He recalls leaving Amherst County on the train for basic training, not knowing anyone and having no idea where he was headed. Looking out the window, he gazed at signs saying Alabama, Georgia, Arkansas and other states as he traveled farther away from home.
“I said ‘I’ll never get back home,’” he said of the train ride. “The next morning we were still going. I said, ‘How big is this country?’”
He underwent basic training in Oklahoma and also trained in Louisiana and Texas. Soldiers in training slept on the ground the entire time, he recalled. He didn’t get over his homesickness until he finally was sent overseas and in September 1944, a year after taking his entrance exam, he remembers standing on docks in England preparing to head to Normandy.
One of his brothers took part in the D-Day invasion while Iseman still was training. About three months after the invasion started Iseman arrived at Omaha Beach. His battalion of combat engineers suffered its first casualties on a minefield in Normandy and soon after was moved to Belgium, he said. The battalion mostly built bridges and most of the front was ahead of them.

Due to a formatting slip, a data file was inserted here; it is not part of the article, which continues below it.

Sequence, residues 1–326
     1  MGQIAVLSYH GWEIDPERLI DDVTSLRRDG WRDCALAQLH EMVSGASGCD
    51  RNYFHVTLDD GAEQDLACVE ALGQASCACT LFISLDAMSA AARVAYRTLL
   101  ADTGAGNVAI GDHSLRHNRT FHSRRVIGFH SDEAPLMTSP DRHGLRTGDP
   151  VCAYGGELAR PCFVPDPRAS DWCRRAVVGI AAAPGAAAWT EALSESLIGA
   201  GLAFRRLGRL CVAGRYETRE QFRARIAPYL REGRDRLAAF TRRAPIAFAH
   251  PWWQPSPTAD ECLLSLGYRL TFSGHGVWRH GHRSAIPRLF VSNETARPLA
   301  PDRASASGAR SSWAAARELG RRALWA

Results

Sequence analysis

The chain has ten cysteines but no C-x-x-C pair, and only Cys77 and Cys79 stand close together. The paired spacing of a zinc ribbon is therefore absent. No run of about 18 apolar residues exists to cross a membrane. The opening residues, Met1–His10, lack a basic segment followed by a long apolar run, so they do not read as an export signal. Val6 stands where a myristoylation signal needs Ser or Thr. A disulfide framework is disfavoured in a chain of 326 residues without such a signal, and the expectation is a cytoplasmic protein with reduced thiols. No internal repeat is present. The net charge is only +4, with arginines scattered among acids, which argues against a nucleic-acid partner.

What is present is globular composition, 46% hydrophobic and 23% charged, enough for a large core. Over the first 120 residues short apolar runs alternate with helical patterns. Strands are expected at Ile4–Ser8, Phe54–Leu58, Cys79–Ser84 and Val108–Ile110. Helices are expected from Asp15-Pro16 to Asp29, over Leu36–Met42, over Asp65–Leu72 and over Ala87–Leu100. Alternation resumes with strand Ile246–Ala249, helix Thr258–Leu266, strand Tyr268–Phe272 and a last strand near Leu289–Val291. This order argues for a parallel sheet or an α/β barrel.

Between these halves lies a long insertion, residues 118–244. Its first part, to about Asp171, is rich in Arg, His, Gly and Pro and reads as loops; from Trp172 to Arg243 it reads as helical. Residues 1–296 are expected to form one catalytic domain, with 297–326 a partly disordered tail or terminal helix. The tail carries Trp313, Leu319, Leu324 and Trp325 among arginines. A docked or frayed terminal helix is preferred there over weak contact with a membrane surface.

“We built a bridge across the Rhine River,” Iseman said. “I think it was one of the longest bridges in Europe at the time.”
He recalls the soldiers in his group working on the bridge in shifts for 20 days and nights. His battalion once relieved an infantry unit on the front line in Germany and Iseman stayed in a foxhole for a week, he said.
When the war ended, he cried and was thankful he didn’t have to go to the Pacific, he said.
“I was so happy I didn’t know what to do,” he said of news of Japan’s surrender.
Tragedy struck in 1945 with the death of one of his brothers, George, also known as “Clint” in Germany. The family decided he should stay buried in Europe, Iseman said. He and his daughter, Janet Abbott, have visited his grave in Holland and said people come and place flowers on the graves of soldiers in respect.
“We wouldn’t take anything for having done that with him,” Abbott said of accompanying her father to Europe to visit his brother’s gravesite.